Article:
Limits...
Sanguinaria canadensis: Traditional Medicine, Phytochemical Composition, Biological Activities and Current Uses

View Article: PubMed Central - PubMed

ABSTRACT

Sanguinaria canadensis, also known as bloodroot, is a traditional medicine used by Native Americans to treat a diverse range of clinical conditions. The plants rhizome contains several alkaloids that individually target multiple molecular processes. These bioactive compounds, mechanistically correlate with the plant’s history of ethnobotanical use. Despite their identification over 50 years ago, the alkaloids of S. canadensis have not been developed into successful therapeutic agents. Instead, they have been associated with clinical toxicities ranging from mouthwash induced leukoplakia to cancer salve necrosis and treatment failure. This review explores the historical use of S. canadensis, the molecular actions of the benzophenanthridine and protopin alkaloids it contains, and explores natural alkaloid variation as a possible rationale for the inconsistent efficacy and toxicities encountered by S.canadensis therapies. Current veterinary and medicinal uses of the plant are studied with an assessment of obstacles to the pharmaceutical development of S. canadensis alkaloid based therapeutics.

No MeSH data available.


Average annual Sanguinarine concentrations in S. canadensis [90].
© Copyright Policy
Related In: Results  -  Collection

License
getmorefigures.php?uid=PMC5037693&req=5

ijms-17-01414-f002: Average annual Sanguinarine concentrations in S. canadensis [90].

Mentions: The distribution of sanguinarine in different S. canadensis tissues is shown in Figure 2 [90]. Sanguinarine has its greatest concentration in the plants rhizome, followed by the roots, with minimal concentrations present in the leaves and flowers. The distribution of other alkaloids within S. canadensis is currently not documented.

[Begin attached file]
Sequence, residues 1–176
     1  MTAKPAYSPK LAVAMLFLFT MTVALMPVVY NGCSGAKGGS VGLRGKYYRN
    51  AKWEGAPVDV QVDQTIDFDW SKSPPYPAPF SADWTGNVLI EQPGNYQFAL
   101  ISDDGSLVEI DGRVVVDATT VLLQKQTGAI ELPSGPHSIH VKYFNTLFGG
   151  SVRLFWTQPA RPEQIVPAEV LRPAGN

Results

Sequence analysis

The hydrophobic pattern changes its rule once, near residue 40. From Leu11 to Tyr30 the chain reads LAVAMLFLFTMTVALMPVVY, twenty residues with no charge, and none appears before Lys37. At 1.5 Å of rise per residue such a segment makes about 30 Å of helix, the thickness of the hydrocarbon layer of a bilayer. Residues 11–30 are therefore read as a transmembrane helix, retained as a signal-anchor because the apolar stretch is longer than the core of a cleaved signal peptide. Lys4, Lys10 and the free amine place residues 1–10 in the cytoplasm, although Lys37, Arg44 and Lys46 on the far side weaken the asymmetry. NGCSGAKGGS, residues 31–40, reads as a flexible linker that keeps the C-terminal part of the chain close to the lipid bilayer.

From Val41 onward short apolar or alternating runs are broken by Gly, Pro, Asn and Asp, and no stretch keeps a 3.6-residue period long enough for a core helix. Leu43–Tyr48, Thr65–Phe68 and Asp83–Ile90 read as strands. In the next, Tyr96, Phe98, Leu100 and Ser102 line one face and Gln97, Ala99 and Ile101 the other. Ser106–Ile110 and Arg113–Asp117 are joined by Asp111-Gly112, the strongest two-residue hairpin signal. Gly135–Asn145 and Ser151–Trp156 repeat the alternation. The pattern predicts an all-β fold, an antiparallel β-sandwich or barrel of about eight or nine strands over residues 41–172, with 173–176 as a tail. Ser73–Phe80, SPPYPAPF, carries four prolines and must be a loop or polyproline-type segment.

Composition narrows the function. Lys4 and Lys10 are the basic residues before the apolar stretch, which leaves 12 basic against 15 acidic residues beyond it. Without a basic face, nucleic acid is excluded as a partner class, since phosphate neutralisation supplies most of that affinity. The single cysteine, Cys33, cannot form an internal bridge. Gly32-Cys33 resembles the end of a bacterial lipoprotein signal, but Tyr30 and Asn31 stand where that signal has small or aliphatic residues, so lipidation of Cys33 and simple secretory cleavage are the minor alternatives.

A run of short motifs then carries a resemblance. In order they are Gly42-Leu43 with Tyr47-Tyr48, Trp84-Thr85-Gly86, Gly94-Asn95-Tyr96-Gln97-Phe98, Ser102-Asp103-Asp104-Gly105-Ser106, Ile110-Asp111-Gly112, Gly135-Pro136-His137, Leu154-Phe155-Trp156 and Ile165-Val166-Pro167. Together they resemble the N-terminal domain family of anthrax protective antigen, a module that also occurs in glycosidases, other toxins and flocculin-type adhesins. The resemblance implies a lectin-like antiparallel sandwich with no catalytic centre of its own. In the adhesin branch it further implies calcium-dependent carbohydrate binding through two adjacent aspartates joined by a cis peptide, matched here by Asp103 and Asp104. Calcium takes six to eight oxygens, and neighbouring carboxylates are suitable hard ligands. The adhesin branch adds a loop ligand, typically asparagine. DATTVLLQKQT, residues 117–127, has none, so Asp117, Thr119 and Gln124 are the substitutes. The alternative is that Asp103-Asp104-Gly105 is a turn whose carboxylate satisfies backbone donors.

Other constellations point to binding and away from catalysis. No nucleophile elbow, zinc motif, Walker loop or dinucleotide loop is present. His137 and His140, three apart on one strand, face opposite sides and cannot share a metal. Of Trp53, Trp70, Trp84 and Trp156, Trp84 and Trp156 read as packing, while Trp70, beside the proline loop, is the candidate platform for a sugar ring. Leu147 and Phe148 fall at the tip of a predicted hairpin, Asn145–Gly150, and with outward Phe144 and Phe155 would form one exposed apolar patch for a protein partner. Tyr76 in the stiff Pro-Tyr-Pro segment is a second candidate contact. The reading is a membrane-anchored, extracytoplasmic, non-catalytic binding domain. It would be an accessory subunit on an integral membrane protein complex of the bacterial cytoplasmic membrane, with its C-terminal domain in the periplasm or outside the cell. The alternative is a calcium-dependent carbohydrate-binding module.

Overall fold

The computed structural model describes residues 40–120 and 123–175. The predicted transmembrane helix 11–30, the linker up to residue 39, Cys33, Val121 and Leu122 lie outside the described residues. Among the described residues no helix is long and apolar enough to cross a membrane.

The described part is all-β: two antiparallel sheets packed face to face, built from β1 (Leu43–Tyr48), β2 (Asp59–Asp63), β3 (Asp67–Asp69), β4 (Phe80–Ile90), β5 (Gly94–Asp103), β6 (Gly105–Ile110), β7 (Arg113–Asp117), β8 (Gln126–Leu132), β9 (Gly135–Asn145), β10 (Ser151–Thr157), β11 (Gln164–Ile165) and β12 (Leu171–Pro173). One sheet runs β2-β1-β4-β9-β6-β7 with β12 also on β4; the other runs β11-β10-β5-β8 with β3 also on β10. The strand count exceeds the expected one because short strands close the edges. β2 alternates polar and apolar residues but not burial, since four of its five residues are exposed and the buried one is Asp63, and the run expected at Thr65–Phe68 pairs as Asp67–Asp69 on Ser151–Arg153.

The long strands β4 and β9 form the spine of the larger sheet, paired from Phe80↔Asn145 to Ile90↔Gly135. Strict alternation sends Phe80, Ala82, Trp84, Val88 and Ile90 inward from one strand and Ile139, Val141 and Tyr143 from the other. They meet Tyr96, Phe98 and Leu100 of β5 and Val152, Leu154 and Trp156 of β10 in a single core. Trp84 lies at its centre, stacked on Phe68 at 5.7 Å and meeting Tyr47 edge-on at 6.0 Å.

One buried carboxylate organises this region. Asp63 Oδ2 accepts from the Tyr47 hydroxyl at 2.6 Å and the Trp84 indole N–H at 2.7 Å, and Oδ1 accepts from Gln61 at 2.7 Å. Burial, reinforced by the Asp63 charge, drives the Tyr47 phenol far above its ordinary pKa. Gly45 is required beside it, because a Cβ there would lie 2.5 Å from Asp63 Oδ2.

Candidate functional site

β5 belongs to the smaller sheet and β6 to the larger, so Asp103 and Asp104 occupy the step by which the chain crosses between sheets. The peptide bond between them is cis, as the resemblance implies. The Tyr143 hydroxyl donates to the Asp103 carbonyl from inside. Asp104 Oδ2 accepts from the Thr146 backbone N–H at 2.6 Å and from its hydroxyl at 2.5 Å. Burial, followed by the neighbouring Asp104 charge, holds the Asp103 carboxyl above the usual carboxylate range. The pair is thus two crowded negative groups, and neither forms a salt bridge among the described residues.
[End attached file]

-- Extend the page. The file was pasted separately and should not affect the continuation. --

Sanguinaria canadensis: Traditional Medicine, Phytochemical Composition, Biological Activities and Current Uses
Average annual Sanguinarine concentrations in S. canadensis [90].
© Copyright Policy
Related In: Results  -  Collection

License
Show All Figures
getmorefigures.php?uid=PMC5037693&req=5

ijms-17-01414-f002: Average annual Sanguinarine concentrations in S. canadensis [90].
Mentions: The distribution of sanguinarine in different S. canadensis tissues is shown in Figure 2 [90]. Sanguinarine has its greatest concentration in the plants rhizome, followed by the roots, with minimal concentrations present in the leaves and flowers. The distribution of other alkaloids within S. canadensis is currently not documented.

View Article: PubMed Central - PubMed

ABSTRACT

Sanguinaria canadensis, also known as bloodroot, is a traditional medicine used by Native Americans to treat a diverse range of clinical conditions. The plants rhizome contains several alkaloids that individually target multiple molecular processes. These bioactive compounds, mechanistically correlate with the plant’s history of ethnobotanical use. Despite their identification over 50 years ago, the alkaloids of S. canadensis have not been developed into successful therapeutic agents. Instead, they have been associated with clinical toxicities ranging from mouthwash induced leukoplakia to cancer salve necrosis and treatment failure. This review explores the historical use of S. canadensis, the molecular actions of the benzophenanthridine and protopin alkaloids it contains, and explores natural alkaloid variation as a possible rationale for the inconsistent efficacy and toxicities encountered by S.canadensis therapies. Current veterinary and medicinal uses of the plant are studied with an assessment of obstacles to the pharmaceutical development of S. canadensis alkaloid based therapeutics.

No MeSH data available.